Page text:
The words voluminous, ethereal, clouds remind me of her. She was my father’s youngest sister, her memory, forever synonymous with ballroom dancing. My earliest memories are of a black and white photograph with her seated on the floor leaning on a chair, a cloud of dress around her, her profile framed in the hairstyle of the late 1940s. Rita Hayworth comes to mind.
My father always danced across the room in ballroom strides with an invisible partner, when he talked about her. How light she was in step. How beautifully she moved. Grace on air, he would say. He admired her dancing with unabashed pride. She and her husband were the Fred Astaire and Ginger Rogers of their day. They toured dancing tournaments in Asia and won numerous prizes. I believe they also owned a dancing studio.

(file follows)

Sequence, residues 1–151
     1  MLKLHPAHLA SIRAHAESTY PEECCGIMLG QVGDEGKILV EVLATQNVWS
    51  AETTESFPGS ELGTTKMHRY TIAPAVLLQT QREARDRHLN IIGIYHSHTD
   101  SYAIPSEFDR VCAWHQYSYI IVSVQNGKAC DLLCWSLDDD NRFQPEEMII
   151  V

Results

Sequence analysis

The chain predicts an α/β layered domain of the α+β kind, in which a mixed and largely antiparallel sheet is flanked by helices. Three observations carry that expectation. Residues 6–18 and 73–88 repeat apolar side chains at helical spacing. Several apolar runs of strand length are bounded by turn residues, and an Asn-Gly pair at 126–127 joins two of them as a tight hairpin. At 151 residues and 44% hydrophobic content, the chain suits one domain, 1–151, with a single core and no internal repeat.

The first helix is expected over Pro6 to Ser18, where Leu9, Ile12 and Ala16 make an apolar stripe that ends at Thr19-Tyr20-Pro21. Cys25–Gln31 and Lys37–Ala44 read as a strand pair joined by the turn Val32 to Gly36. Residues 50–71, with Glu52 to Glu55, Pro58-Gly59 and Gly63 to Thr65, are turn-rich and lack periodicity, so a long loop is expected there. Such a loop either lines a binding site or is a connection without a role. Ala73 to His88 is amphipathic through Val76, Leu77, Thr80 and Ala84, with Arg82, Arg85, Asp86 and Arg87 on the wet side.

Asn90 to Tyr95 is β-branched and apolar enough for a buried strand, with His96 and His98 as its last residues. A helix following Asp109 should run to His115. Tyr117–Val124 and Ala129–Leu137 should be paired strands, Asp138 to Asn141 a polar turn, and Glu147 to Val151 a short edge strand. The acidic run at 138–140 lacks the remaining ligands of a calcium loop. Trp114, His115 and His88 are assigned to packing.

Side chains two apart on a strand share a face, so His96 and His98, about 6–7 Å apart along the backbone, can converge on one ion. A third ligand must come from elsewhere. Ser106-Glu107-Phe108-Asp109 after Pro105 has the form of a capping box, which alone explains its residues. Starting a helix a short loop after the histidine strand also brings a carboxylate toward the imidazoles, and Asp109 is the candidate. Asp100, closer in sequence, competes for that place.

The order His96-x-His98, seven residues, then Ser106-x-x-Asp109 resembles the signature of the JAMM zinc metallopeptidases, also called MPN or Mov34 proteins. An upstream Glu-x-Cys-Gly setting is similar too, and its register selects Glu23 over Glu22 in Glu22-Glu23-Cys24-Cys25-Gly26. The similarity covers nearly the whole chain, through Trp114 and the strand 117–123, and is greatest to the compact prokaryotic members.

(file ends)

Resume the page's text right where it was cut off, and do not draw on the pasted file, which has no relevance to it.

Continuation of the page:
I met her only a few times in my lifetime. She was petite, birdlike. A champion ballroom dancer. I know little else about her.
What I do know from my father is that she was a living cloud, who floated across our family horizon with brio.
I did not inherit her agility, her grace, or her posture, so I keep my two left feet firmly on the floor, and let my fingers tap to the music of her memory.
Until next time
a dawn bird
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